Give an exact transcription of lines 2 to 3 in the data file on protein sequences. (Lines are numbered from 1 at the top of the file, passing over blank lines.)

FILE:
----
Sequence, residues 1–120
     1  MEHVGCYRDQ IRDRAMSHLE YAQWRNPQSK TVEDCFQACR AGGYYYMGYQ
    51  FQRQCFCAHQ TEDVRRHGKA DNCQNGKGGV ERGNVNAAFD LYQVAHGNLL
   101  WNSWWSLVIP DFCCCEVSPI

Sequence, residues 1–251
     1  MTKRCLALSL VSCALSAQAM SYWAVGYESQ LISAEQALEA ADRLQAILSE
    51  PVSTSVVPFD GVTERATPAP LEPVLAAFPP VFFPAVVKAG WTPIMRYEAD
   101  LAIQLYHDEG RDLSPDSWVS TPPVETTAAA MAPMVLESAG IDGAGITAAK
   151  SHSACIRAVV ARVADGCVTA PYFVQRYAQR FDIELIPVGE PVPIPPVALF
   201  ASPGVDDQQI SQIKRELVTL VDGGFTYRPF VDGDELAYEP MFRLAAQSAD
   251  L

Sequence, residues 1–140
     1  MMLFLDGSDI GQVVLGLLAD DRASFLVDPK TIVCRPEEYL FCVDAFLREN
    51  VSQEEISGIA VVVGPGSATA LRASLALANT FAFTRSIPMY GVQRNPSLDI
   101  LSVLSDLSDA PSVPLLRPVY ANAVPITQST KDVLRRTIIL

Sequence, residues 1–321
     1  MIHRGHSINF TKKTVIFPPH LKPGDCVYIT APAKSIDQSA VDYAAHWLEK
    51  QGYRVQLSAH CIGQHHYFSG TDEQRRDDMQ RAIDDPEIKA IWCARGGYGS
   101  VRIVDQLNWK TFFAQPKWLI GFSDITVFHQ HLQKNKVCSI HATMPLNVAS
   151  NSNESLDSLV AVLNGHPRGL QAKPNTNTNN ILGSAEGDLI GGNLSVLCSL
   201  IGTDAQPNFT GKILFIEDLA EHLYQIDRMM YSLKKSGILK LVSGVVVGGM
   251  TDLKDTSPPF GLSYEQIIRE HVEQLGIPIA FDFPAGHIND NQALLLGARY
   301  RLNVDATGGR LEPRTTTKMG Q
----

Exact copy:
     1  MEHVGCYRDQ IRDRAMSHLE YAQWRNPQSK TVEDCFQACR AGGYYYMGYQ
    51  FQRQCFCAHQ TEDVRRHGKA DNCQNGKGGV ERGNVNAAFD LYQVAHGNLL